Callan-Jones likens Diane's devotion to cats to an addiction. Even Diane herself says, "I have to stop; I need to solve this, I can't live like this. It saves the cats but it doesn't save me."
And she yearns for the life she had before becoming addicted to "cat rescue."
Callan-Jones described a moment in the film when Diane listens to a message from her nephews.
"She's listening to this message from almost a year ago of them singing 'Happy Birthday' to her," said Callan-Jones, "and just like the joy in her eyes, and you can see, I -- I could see her thinking, 'Oh my God, this was my life before and ...' then she says, you know, 'This is my life now.'"
Diane watched cats crawl about, in and out of every space in the home.
"I'd like to see my family," she said. "I'd like to see those kids. I resent what I'm doing. Sometimes I go out there and don't want to come back here."
Since the documentary finished shooting, Diane bought a house in the countryside. But the day before she was to move all her cats into the home, someone told her that there were bylaws that limited the number of cats one could have. So Diane says she was forced to put the new house up for sale and is still in the same home.
Diane says she doesn't get much sleep because she spends her nights trapping stray cats. She wants to find another house and is thinking about moving to Calgary, where the government is more cat-friendly, she said. She wishes there was more access to low-cost health care for cats, including vets who would donate their time to spaying and neutering. It would make her life and all cat rescuers' lives a lot easier, she said.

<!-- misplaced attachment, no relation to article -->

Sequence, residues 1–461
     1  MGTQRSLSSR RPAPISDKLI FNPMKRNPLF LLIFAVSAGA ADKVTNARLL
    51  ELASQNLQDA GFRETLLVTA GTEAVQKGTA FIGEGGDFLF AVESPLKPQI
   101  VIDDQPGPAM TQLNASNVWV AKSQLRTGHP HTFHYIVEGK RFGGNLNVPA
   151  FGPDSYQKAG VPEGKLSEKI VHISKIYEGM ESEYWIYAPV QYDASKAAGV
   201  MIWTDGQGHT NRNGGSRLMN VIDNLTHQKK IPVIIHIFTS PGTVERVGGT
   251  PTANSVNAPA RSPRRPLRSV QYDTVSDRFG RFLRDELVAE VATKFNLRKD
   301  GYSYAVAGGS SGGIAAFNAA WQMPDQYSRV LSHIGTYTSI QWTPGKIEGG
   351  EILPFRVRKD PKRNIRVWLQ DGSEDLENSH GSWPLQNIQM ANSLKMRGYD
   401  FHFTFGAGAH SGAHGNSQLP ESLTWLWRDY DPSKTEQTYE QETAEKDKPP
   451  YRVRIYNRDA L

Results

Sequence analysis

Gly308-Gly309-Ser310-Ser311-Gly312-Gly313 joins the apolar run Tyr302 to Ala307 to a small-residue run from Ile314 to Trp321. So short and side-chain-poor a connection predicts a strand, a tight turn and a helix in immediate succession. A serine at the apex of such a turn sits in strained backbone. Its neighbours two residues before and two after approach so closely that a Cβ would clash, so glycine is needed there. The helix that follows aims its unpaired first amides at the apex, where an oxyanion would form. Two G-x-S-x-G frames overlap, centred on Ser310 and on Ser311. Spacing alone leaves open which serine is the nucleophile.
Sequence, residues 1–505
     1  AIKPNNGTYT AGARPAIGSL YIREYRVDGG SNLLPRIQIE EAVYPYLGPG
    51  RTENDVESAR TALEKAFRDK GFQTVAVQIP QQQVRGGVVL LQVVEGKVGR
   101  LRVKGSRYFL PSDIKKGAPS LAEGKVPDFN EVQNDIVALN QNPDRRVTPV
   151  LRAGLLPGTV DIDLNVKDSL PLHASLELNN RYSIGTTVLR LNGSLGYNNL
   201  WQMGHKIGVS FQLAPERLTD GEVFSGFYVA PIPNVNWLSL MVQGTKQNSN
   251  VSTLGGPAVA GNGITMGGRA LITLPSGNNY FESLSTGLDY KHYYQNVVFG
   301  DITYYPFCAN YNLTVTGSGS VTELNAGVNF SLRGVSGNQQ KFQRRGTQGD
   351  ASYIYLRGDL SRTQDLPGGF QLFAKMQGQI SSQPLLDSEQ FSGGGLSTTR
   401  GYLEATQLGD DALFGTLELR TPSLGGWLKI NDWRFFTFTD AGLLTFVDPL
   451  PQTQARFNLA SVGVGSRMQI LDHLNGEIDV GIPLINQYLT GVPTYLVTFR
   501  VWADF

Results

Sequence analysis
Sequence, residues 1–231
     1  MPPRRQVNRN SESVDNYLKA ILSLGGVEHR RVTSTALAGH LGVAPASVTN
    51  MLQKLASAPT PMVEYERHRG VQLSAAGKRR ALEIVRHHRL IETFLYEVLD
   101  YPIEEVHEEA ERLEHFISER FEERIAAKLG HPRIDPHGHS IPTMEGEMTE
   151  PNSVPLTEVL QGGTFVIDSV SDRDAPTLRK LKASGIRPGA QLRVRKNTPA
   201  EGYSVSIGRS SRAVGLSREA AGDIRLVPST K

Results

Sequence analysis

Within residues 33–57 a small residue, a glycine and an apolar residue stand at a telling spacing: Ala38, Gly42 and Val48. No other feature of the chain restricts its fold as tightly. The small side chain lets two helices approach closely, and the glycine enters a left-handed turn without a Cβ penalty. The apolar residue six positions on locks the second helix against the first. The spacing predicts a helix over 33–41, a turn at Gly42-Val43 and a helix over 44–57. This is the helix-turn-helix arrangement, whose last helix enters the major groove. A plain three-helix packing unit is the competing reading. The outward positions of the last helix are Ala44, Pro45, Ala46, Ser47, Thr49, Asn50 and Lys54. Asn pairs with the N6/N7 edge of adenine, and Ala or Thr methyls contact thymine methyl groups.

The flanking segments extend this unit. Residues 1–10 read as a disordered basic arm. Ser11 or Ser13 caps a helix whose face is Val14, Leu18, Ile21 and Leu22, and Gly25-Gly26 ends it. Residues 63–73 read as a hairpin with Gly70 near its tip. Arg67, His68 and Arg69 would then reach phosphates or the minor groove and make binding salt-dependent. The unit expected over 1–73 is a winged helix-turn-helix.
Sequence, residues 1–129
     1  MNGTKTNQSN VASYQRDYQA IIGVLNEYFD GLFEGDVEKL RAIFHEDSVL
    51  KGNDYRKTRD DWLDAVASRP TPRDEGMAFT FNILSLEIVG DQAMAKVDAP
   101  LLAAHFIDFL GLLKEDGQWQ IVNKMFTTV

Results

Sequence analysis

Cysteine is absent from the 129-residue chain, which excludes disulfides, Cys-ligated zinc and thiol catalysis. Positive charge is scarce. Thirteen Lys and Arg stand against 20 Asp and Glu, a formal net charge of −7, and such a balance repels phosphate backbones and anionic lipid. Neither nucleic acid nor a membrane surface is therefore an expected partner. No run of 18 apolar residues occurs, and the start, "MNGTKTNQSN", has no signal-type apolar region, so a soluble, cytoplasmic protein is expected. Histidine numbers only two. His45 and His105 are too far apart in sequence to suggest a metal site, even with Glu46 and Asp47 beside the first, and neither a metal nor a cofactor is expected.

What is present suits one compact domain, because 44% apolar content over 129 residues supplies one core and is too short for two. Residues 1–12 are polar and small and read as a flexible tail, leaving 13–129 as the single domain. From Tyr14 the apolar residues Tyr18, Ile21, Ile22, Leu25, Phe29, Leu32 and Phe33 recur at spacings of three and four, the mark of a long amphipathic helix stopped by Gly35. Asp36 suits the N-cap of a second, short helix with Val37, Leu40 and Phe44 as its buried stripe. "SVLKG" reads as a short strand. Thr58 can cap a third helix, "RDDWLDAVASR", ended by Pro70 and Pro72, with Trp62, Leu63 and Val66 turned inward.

[Anyone wishing to help Diane with her cat-saving efforts can contact the documentary producers HERE.]
The film ultimately explores this intense relationship between women and cats. Vargas noticed that for some of the women, that relationship was beyond simple devotion and love. "When do you cross the line from being a cat lady to being a crazy cat lady?" she asked.
"I think the line is, from cat lady to crazy cat lady is when, you are no longer taking care of yourself," said Callan-Jones. "And your health perhaps is in jeopardy, your mental health is in jeopardy, then...you've definitely crossed over the line and perhaps you need professional help."
In the end, the filmmakers hope that the audience won't think these women are "crazy." They realize the stereotype of the cat lady is pervasive in our culture, but Callan-Jones says it's not such a big deal.
"People spend hours on their computer, and no one questions that," she said. "But spending hours with your cats, uh-oh, you're a crazy cat lady."